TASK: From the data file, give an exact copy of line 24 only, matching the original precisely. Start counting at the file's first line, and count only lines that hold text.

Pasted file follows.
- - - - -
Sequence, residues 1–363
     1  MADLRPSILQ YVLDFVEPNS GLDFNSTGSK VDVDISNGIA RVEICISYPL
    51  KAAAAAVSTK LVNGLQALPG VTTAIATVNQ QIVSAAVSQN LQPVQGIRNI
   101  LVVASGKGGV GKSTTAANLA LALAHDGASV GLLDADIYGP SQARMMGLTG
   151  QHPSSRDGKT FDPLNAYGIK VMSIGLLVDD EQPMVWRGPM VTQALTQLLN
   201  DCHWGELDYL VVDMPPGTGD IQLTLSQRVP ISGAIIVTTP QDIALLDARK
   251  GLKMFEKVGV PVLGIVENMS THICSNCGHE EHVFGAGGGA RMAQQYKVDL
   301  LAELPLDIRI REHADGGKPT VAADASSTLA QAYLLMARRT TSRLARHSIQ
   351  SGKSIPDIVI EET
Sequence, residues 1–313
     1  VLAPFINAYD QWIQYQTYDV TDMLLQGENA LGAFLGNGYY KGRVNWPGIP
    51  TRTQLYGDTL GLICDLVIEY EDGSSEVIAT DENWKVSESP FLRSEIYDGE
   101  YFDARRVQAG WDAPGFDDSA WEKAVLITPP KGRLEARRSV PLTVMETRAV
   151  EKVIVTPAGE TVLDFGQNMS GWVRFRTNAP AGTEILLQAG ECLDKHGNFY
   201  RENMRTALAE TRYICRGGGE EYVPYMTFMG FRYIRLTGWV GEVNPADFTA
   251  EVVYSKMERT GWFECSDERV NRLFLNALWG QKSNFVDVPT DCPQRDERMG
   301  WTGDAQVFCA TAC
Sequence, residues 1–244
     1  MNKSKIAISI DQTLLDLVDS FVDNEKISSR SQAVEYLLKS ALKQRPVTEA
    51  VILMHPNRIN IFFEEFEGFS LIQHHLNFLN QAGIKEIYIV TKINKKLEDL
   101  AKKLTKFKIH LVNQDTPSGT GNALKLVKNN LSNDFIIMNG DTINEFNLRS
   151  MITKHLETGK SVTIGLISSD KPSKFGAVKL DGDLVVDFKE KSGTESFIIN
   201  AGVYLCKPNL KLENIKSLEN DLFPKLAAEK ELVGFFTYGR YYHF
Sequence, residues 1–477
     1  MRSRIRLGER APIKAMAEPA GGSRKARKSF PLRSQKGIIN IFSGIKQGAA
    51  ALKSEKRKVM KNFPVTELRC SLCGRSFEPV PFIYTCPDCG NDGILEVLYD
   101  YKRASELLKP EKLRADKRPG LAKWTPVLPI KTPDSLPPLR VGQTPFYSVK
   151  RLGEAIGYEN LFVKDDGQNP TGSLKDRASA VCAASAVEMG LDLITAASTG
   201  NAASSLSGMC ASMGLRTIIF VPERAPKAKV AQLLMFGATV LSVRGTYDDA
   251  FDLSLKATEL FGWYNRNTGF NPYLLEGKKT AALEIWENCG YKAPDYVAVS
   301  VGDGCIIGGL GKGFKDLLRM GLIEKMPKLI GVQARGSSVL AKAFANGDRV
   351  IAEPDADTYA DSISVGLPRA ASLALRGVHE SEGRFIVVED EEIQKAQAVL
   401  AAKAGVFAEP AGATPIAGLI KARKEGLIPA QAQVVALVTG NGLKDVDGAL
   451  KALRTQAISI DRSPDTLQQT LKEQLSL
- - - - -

Sequence, residues 1–477